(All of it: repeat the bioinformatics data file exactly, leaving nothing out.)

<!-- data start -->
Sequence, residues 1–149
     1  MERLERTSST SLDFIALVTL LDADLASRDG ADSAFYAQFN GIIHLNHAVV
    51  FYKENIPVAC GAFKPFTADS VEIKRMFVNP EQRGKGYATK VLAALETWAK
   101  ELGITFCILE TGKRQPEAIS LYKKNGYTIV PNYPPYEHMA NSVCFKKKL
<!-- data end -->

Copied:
Sequence, residues 1–149
     1  MERLERTSST SLDFIALVTL LDADLASRDG ADSAFYAQFN GIIHLNHAVV
    51  FYKENIPVAC GAFKPFTADS VEIKRMFVNP EQRGKGYATK VLAALETWAK
   101  ELGITFCILE TGKRQPEAIS LYKKNGYTIV PNYPPYEHMA NSVCFKKKL